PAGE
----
"I would urge you to find something - a hard target; nothing is off limits, there are no boundaries. You need to - as representatives of the media - ask the questions of people who have power... Trump was right on the edge of becoming the Republican nominee; Bob Costa and I, we spent a lot of time thinking about this: 'How can we get some answers from Trump? How we can try to find out what's inside, what's driving him.'" // Q: "You sort of hesitate at the start, and Trump is going on about 'takes guts,' and he's sort of getting into that speech he does, but you interrupt him three times, four times. You ask him later in the interview, 'When did it become yes?' and you really want to get to this point but Trump is not getting it. When do you decide when to interrupt someone you're interviewing, what's the thought process going through your head?" / A: "Interrupt if they're not answering the question. This was one of the first questions, and you're trying to set the terms of engagement, and by persisting with the same question, we're saying to him, 'We really want answers.' In this case, the question is, 'How did you make this big decision?' And having written books about eight other presidents, how they cross that line and say, 'Hey I'm running,' and the why. In pursuing the question with Trump, finally the fourth time, he said, 'Well it got to yes,' and then we followed up, 'What did your family say?' and he literally said that his wife Melania said to him, 'Oh if you run, you will win.' And a lot of people, now that he's president, have theorized, maybe at birth, maybe early in his business career, certainly, at various stages in New York he was always saying he's about to run." // Q: "Trump doesn't like to be interrupted. He likes to give his spiel. What was the game you were playing when you were trying to build a relationship with him through the interview, but then you interrupted him when he wanted to launch in? How do you navigate that?" / A: "We really want the answer to this, and he didn't say, 'I'm not going to give it,' he didn't throw up a wall; you could see - and there's no video of this - but he's thinking of that question." // Q: "On the flip side of that question, how do you know to move on? How do you know you've gotten as far as you're going to get? You posed the question three to four times, and then you finally moved on. How do you know to do that?" / A: "Because he did finally answer it, so we got the answers. Does that change history? No. Is it useful? I think it's part of, 'Hey look, we want to understand you."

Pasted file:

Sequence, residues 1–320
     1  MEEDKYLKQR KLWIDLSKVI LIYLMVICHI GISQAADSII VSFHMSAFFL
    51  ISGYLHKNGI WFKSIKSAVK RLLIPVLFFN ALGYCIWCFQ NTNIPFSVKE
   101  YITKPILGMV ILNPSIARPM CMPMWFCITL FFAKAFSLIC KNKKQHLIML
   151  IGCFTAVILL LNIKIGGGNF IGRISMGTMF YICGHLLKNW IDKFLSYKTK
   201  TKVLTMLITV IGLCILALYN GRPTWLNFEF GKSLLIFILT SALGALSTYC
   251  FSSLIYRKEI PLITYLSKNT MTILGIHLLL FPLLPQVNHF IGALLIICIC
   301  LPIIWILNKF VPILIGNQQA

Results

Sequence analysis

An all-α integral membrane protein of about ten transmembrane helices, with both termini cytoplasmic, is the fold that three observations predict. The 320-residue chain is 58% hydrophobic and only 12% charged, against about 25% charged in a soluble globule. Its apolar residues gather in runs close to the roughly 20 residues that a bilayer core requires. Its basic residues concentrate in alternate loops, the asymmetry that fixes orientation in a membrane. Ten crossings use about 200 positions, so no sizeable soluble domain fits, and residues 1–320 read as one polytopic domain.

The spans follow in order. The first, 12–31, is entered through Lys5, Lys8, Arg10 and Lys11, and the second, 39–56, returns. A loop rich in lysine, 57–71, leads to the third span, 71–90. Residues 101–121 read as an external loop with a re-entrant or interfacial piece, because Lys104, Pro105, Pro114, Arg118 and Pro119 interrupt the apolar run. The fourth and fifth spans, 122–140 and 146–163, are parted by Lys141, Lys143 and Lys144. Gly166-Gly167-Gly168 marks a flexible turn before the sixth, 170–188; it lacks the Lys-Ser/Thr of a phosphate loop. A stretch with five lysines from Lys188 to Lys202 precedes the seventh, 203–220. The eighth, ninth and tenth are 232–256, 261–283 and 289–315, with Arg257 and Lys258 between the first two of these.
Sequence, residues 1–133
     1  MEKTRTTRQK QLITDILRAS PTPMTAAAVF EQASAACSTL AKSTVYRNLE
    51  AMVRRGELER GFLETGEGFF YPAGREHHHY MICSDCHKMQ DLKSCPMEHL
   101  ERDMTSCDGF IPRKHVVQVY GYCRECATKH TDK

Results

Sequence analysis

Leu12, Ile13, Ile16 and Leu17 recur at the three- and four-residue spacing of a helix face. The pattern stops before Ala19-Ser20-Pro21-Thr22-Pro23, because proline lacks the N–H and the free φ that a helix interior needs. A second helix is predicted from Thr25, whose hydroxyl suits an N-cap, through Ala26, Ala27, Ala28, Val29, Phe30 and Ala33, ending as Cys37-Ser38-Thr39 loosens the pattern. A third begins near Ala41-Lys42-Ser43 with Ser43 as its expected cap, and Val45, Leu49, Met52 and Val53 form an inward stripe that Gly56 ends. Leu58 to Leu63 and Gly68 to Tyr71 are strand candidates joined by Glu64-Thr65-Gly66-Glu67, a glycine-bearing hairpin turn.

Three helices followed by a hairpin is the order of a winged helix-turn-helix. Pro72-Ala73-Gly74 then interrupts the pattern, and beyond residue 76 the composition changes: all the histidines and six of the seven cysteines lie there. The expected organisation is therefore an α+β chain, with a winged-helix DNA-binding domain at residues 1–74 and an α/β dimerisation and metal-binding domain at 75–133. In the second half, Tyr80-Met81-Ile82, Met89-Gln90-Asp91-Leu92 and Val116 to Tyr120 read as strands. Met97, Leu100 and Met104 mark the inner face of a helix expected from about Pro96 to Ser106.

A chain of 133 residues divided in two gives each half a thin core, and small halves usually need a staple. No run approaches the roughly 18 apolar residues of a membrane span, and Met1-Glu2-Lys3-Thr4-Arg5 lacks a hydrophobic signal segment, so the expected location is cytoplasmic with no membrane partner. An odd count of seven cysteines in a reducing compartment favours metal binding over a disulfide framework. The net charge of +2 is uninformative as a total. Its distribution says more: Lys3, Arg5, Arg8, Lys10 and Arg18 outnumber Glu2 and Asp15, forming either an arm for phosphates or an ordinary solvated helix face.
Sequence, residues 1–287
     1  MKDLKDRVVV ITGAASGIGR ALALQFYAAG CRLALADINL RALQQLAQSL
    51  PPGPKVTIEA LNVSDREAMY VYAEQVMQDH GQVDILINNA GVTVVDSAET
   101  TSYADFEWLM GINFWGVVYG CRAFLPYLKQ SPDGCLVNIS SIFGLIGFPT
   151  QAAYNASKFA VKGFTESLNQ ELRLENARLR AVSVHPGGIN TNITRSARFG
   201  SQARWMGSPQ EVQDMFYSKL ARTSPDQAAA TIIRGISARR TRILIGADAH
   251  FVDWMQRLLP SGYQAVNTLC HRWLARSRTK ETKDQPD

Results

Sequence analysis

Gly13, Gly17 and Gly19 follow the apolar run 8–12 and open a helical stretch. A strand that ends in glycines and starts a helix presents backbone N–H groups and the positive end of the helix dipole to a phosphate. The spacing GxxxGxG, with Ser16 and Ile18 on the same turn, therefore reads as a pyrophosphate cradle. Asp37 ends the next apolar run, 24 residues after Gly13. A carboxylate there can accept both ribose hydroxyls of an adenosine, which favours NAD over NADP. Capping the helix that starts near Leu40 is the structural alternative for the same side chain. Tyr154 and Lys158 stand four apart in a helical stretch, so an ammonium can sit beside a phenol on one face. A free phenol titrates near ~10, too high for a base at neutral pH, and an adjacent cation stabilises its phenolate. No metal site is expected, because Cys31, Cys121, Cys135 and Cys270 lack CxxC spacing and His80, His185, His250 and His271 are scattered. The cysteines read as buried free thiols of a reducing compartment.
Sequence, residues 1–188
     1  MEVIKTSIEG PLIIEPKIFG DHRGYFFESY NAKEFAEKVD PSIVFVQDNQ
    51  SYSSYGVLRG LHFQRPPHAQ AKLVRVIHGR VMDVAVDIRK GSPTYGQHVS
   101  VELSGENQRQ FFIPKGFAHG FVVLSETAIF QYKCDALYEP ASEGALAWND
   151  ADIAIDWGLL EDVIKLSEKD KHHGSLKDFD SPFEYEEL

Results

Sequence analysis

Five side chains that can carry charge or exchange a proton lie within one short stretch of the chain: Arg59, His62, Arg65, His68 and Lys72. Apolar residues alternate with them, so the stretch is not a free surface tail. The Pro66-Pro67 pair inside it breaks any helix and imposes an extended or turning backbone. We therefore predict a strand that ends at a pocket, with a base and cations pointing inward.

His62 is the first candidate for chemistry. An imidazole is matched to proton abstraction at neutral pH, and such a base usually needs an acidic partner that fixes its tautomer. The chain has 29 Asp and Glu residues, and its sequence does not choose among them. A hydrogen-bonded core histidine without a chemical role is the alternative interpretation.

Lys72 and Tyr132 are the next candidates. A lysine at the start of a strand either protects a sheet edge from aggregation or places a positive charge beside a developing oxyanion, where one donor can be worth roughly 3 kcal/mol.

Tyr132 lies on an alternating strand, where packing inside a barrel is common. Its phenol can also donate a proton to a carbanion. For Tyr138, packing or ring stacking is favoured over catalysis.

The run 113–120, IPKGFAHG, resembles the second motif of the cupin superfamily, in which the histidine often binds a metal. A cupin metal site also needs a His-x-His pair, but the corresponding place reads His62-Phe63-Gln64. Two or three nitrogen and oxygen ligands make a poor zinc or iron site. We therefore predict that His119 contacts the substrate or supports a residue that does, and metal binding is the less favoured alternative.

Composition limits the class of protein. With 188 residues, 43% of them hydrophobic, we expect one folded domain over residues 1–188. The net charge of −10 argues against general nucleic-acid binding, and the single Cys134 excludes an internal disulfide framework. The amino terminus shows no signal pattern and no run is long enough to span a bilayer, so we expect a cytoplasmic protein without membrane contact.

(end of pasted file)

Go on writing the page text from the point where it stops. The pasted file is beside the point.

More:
Rich C.

I think that listening is a primary necessity of any endeavor. When someone asked game designer and Disney imagineer Jesse Schell (Carnegie Mellon) what the most important skill is to get a job in the game industry, he said the ability to listen. To listen and really, actually understand what the other is saying, which means you have to stop the incessant dialog in your own head and pay attention. Give your time to the other person.

William S.

Kinda tired of the negative anti-Trump talk, most of it is baseless and based on opinion and not facts. It was the Obama and Hillary years that are tied to corruption, take SpyGate for example, paid for by the DNC. And they were all in on it. Justice will come. Bill Barr will serve it. Deep state in America will be cleaned out.